Pottery Video of the Week: Layering and Carving Colored Slips on a Slab-Built Vessel

Curt Benzle explains how to create interesting pattern and texture by carving a slab of layered, colored slip.

Curt Benzle explains how to create interesting pattern and texture by carving a slab of layered, colored slip.

Most potters are inclined to think of glaze and underglaze when it comes to adding color to their work. But working with colored clays is a great alternative to glazes and underglazes. With the vast palette available today in commercial stains, it is possible to come up with just about any color in the rainbow. Mixing stains into into a clay body (most effective with a light clay body) appeals to a lot of people because it opens up many opportunities for developing more precise patterning than is possible with glaze.

In today’s video, Curt Benzle demonstrates a simple way to create texture and pattern on a vessel by layering and carving colored slips. –Jennifer Harnetty, editor.



To learn more about Curt Benzle or see images of his work, please visit http://www.benzleporcelain.com/.


Comments
  • Christie M.

    He says you can laminate slabs of different colors of clay. How do you laminate?

  • Carole S.

    I enjoy working with colored slips but haven’t done any layering. Question: Are you blotting with paper towels? That is what it looks like….just wanted to be sure.

  • G’day from Australia…love the blog and the video ideas…this has potential for alot of variety….many thanks

  • You don’t have to blot the slabs – try using a hair dryer or hot air paint stripper – however if using a hot air paint stripper – becareful as the heat can be too intense – a hair dryer is safer. You could also create interesting texture if you allow the air from the hair dryer to blow the wet slip into wave like patterns – you can also marble using this technique and different coloured slips.

  • Richard P.

    sound was good, really detailed video of an interesting ‘sgrafitto’ type effect.

    christie,
    …your counter tops are [probably] laminated…formica [or other material] glued on top of a substrate[3/4″ plywood, which is another laminate]…it is combining thin layers of materials.
    you could start out with sort of thick layers, one onto of another, then roll them out to thin them to the dimension you need. lots of interesting things happen when you thin slabs of clay…; ^)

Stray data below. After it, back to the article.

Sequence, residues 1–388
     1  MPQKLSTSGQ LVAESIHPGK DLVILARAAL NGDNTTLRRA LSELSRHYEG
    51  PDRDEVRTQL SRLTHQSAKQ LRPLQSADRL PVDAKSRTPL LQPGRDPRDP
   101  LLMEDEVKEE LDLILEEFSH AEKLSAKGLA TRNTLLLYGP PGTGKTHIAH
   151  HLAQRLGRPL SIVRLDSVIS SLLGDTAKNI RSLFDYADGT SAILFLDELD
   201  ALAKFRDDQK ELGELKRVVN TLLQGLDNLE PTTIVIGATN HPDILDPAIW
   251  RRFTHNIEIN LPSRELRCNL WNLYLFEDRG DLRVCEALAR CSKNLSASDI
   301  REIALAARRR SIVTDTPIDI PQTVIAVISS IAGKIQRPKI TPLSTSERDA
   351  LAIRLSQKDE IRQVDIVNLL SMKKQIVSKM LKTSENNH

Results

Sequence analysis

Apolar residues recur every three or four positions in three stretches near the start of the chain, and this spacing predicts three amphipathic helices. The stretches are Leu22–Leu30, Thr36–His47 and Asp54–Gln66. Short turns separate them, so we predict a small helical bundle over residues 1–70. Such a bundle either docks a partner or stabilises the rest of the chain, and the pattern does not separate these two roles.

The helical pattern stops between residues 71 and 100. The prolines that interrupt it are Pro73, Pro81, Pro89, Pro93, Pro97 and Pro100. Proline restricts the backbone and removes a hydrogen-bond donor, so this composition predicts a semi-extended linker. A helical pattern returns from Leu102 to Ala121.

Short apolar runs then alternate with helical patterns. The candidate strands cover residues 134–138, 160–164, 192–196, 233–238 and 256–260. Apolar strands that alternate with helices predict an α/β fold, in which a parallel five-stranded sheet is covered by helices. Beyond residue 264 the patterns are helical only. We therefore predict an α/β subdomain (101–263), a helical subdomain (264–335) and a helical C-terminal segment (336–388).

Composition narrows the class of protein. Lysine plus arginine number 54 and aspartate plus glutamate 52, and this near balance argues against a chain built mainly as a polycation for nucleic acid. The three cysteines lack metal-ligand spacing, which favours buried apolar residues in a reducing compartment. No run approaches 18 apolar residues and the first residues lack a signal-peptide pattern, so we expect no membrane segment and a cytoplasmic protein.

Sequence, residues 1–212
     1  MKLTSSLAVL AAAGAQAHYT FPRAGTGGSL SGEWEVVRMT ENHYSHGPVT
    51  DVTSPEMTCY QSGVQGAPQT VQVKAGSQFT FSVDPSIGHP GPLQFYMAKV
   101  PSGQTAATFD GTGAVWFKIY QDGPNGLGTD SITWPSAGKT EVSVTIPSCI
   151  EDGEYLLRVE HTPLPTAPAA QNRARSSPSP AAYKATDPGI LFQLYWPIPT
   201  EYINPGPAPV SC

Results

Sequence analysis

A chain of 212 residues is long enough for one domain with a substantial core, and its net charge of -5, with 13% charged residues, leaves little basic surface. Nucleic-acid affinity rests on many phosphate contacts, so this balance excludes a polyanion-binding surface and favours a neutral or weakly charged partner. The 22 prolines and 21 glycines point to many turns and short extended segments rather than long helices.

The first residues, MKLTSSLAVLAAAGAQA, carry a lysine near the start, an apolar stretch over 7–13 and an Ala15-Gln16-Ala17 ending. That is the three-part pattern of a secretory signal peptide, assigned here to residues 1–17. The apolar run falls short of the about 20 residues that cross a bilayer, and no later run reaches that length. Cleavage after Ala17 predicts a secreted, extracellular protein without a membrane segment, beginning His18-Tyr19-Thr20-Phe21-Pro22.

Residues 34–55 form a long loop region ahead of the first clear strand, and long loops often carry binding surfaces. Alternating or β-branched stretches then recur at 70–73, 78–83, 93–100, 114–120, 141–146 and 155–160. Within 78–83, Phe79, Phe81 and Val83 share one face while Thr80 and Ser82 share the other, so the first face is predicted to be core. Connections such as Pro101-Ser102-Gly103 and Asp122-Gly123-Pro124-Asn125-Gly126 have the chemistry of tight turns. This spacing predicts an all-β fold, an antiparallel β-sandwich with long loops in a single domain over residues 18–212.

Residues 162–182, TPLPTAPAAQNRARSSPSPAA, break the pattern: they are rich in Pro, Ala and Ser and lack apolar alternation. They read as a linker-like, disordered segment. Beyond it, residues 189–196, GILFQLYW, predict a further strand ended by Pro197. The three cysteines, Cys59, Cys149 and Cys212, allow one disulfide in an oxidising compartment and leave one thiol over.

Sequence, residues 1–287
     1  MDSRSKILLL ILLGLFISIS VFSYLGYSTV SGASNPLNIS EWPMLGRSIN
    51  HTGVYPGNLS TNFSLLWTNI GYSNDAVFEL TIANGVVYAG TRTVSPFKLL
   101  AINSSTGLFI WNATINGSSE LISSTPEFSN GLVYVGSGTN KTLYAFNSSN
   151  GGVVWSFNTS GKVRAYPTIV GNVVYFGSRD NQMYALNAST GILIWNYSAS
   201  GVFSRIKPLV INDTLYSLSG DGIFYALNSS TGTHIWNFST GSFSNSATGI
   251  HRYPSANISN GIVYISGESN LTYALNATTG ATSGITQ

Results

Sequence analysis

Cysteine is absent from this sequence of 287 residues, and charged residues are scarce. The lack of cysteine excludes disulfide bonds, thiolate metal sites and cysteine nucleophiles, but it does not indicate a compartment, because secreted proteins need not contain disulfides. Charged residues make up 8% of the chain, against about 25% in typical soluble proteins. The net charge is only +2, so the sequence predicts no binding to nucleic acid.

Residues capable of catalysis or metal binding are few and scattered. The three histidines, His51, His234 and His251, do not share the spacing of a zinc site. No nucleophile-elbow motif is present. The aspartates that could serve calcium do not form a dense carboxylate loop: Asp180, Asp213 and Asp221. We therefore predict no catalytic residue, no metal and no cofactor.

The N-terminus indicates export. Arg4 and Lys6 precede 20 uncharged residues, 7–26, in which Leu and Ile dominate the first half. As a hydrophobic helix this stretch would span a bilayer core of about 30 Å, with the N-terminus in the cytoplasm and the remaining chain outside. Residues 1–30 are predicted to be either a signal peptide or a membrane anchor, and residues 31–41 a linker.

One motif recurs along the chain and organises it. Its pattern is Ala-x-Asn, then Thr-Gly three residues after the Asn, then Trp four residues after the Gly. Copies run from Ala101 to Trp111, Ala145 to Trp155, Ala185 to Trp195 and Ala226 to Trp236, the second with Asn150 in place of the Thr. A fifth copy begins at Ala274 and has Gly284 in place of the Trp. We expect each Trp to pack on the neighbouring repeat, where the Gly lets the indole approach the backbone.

• George H.

    I loved the video! I use slip quite a bit with sgraffito but never thought to apply it before building my objects and I usually only use one layer on top of the base clay layer. I’m wondering – does the blotting of the slip help dry the slip layer yet help prevent the entire clay layer from drying out too much? Maybe allowing it to air dry allows it to dry out too much?? Also…has anyone figured out what he was using to blot with – it looks a little thicker than a bed sheet – almost like a cloth diaper.

    Thanks…loved the video, George

  • I am assuming that you glaze the fired pieces? Do you use colored glaze or clear glaze?

  • What a wealth of ideas. Lyn I love your work too. Your site inspired me-they are do-able ideas (although probably you make them look easier than they are.)

  • Barbara` B.

    I have a similar question about the blotting….paper towel, think sheeting? Generally, how long does the blotting take? How do you recycle the laminated clay? Or do you throw it away? A matching neutral clay slip for joining sections? Video worked mostly well. Some jumping around with the picture.

  • I want to try it on a thrown vessel and a wiggle wire

  • Better sound than usual for me, lol. I love this technique! I wonder why the blotting? Is it just to hurry the process along, and would a fan work as well? Doesn’t blotting the layers pick up alot of the slip? As always, I would love to see the finished product….or don’t you glaze them?

  • Nigel, that sounds like an interesting variation on this technique. Thanks.
    But I was wondering, Curt, what advantage slip layering has over laminating different colored clays, I would think it time consuming to blot and dry each slip layer vs. clay layers. Perhaps the thinness of the slip vs the clay thickness?
    Very clear explanatory video, thanks.

  • It looks like a great technique, however I would like to know if it was glazed, and with what (clear?) and see the piece after firing.

  • Curtis B.

    It seems that the main question has to do with “blotting”. I use cotton sheeting(polyester does not work). the older the better. It does not take a long time(maybe a couple of minutes. To speed things up use more than one layer of sheeting. I like layering slip because I can manipulate the slip–develop patterns, think and thin areas etc. I would suggest NOT using a heat gun etc as it tends to just dry the surface. Blotting pulls up all the water. If you lift the sheet and the slip comes up just put it back down for a little while longer.

    I am very glad you all liked the video. If you have any specific questions please feel free to email me at curtisbenzle@gmail.com

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